The productivity of software developers at Griffin Group Global is the top priority of mine. Challenges abound within software development plan that curbs this productivity. At Griffin Group Global, I’m constantly working to meet and overcome those challenges, empowering my developers to produce high quality software, rapidly. My top goal is to be a high performing software organization!
The challenges we face are numerous. I ask myself these questions all the time?
- How do I know we’re developing quality software?
- How do I know my people are not becoming burned out?
- How fast can I deliver improvements to my clients?
As Griffin rises to these challenges, we set our foundation based on some great advice given by Gene Kim, author of the Phoenix Project.
- Use system thinking
- Amplify feedback loops
- Create a culture of continual experimentation & learning.
Each of these points drives me towards a solid solution, to each challenge, that is ever evolving. Let’s explore those challenges!
How do I know we’re developing quality software?
Plenty of organizations start their DevOps pipelines with a single CD (Continuous Delivery) tool. At Griffin we start with the developers themselves. With high profile security breaches, such as the homebrew unauthorized access, npm’s package issue or Snapchat’s leaked code, securing the supply chain is always forefront in our development.
We protect ourselves from accidental disclosures of credentials that might lead to breaches. Credentials, passwords, certificates and tokens are shared only by approved vault technology. This ensures that developers do not use mediums like chat, email, source repositories, docker containers or other means to share credentials. They are always injected into the environment we need.
We protect our supply chain with RBAC (Role Based Access Control) to our development repositories. This ensures that only the correct people have access. However, just because you have access, that does not mean you are authorized. We employ commit hooks to validate that you are authorized to be committing to the software. If you don’t have a valid development ticket, then that commit gets rejected! Every commit is scrutinized before we allow it to be used within the software. We lock down access to specific branches of software, ensuring changes only get pushed upon peer review approval and CD platform approval.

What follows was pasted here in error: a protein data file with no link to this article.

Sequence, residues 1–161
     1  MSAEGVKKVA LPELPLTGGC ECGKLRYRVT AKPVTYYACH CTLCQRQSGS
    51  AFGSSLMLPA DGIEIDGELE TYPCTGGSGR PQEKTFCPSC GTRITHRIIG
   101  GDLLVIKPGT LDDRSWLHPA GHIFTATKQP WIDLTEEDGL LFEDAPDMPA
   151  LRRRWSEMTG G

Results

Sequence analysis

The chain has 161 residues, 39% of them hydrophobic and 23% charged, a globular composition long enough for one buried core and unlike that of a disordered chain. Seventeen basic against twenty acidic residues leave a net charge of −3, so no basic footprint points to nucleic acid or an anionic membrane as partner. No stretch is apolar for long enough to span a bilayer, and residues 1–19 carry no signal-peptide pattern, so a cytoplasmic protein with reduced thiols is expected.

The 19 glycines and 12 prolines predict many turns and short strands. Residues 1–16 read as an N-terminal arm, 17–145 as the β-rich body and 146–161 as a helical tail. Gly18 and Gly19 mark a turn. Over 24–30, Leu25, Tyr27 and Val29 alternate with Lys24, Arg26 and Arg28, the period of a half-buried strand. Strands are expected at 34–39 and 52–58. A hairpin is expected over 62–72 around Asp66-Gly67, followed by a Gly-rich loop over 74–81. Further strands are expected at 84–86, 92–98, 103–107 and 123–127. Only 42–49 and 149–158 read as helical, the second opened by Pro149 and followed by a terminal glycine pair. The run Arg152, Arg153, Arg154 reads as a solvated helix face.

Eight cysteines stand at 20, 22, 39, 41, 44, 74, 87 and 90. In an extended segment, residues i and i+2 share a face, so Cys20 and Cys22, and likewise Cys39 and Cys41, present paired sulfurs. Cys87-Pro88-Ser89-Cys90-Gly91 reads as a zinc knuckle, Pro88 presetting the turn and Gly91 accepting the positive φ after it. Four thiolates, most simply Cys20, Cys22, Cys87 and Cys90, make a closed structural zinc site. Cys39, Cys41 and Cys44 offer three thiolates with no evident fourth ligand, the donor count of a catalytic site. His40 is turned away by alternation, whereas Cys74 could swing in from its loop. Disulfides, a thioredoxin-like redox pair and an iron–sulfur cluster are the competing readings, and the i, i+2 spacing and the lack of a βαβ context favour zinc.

The CD platform must approve of every commit. To achieve this, we use a delivery pipeline that takes the software development plan through several stages.
- Dependency checking
- This step checks all libraries against available versions, taking a semver based approach, letting us know if any dependency is not up to date.
- Vulnerability scanning
- This step scans all software and libraries for known software vulnerabilities and remediates them.
- This step applies to our development best practices to the checked in source code, assuring we are not implementing questionable code.
- We also apply linting to our documentation to ensure consistency across generated docs.
- This step builds the software and creates an artifact that is publishable
- Unit Testing
- This step checks the built code against the unit tests and then applies quality metrics to it ensuring we cover branches, lines and functions, at a minimum. Our test methodology is based on the practical test pyramid.